Fellow Jamaicans, Labour Day activities this year are being held against the background of the global economic crisis that has engulfed us.
We must not allow the spirit of Labour Day to be dampened by the crisis. On the contrary, it is because the global crisis has imposed such severe constraints on us nationally and individually that the spirit of volunteerism and altruism must come to the fore, impelling us to get out and do things for ourselves and for others.
It does not always have to be big things. It can be small things, for even small things can help in a big way to make life better for many people. It may be a basic school that needs to be cleaned up and fixed up. It may be a poor old lady whose roof is leaking and a little help from others can keep her from getting wet. It may be a drain that needs to be cleared so that homes are not flooded when the hurricane rains start.
This year, we have also made the Labour Day theme flexible enough to encourage any kind of individual or community effort that is meaningful and useful.
This year, also, we have increased the number of national Labour Day projects to 6, not only to remove any appearance of partisan considerations, but as part of a planned approach to having a national Labour Day project in each parish next year.
So, let’s put work into Labour Day. And let us put our hearts and minds to demonstrate that though things may be tough, we have not lost our sense of caring or our willingness to help others and help ourselves.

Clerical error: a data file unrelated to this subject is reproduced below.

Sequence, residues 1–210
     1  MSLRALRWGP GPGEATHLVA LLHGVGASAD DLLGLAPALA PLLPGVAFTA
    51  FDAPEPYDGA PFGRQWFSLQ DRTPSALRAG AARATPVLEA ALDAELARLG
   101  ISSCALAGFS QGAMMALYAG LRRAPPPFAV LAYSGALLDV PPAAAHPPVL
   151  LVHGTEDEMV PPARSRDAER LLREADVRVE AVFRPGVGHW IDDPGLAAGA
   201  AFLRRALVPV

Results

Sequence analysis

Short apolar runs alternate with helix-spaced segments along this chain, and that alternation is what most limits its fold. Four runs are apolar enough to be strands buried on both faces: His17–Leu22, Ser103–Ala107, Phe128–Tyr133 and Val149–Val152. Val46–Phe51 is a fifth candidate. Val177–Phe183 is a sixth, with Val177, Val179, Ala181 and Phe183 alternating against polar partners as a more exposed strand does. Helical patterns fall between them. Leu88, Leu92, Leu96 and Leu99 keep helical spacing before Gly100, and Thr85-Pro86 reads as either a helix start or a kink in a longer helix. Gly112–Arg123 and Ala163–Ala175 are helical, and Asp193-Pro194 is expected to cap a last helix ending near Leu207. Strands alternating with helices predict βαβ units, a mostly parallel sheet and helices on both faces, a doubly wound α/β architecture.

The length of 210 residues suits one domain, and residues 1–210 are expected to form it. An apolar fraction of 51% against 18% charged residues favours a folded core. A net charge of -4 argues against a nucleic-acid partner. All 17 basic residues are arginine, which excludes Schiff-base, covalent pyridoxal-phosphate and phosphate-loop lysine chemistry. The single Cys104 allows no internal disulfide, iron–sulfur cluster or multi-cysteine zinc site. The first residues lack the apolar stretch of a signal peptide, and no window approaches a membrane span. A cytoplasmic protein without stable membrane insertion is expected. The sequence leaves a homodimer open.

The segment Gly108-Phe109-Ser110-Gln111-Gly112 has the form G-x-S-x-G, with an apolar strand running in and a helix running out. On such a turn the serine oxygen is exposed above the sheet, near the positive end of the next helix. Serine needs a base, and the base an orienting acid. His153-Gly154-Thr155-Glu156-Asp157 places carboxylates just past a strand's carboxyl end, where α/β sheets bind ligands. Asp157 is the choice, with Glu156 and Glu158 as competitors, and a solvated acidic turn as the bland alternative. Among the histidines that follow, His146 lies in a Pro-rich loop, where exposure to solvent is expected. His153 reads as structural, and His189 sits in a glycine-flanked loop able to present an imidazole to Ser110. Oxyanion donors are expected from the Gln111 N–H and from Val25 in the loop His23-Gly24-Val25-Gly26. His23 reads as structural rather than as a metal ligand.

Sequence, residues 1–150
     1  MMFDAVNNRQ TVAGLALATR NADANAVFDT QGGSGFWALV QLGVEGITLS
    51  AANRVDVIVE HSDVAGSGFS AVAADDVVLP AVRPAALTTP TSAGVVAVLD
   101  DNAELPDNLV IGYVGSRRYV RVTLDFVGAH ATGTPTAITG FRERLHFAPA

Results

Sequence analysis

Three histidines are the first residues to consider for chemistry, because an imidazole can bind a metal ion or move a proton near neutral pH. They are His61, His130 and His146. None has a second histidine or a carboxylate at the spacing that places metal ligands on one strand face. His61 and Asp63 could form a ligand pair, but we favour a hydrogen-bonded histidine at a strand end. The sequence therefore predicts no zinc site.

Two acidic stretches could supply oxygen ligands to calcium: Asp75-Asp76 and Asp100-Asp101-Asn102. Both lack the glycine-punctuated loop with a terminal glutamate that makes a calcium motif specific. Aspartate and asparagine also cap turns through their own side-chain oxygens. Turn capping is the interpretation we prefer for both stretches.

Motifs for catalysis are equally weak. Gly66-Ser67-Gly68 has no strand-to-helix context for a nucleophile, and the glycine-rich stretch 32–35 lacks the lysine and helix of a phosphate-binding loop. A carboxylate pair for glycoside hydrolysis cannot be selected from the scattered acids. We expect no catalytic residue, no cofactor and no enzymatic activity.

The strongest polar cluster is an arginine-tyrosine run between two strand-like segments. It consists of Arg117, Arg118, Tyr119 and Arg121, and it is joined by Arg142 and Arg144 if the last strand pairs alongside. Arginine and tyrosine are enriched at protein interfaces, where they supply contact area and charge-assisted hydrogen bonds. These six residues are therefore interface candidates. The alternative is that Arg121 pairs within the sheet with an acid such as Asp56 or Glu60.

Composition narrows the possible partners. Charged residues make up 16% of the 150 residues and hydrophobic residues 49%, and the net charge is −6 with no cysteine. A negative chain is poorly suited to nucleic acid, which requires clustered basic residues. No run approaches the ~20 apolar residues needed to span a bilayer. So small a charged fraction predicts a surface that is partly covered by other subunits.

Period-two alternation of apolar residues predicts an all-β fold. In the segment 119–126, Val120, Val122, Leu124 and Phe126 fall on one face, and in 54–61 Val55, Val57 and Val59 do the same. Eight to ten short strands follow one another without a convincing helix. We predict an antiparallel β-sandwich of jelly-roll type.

Labour Day was originally the day for honouring the workers of Jamaica. Since 1972 when former Prime Minister the Most Hon. Michael Manley introduced work projects as the dominant activity for Labour Day, the workers, in a remarkable display of selflessness, have used the day to give back something to their communities and the nation.
But we must not forget that Labour Day is also a commemoration of the struggles of the working class people of Jamaica and the efforts that have been made to secure workers’ rights and to cement the partnership between labour and capital, between worker and management.
That partnership is even more necessary now as businesses struggle to endure the harsh economic times and workers strive to keep their jobs. I commend those employers who, despite many challenges, are determined to protect the jobs of their employees. I commend those workers who appreciate how tough these times are and are making even greater effort at the workplace to overcome these challenges.
We are not out of the woods. The crisis will continue for some time but it will not last forever.
Hard work, understanding and the kind of co-operation that defines the spirit of Labour Day will enable us to overcome and, I know, we shall overcome.
God bless you all. God bless Jamaica. Have a peaceful and productive Labour Day.

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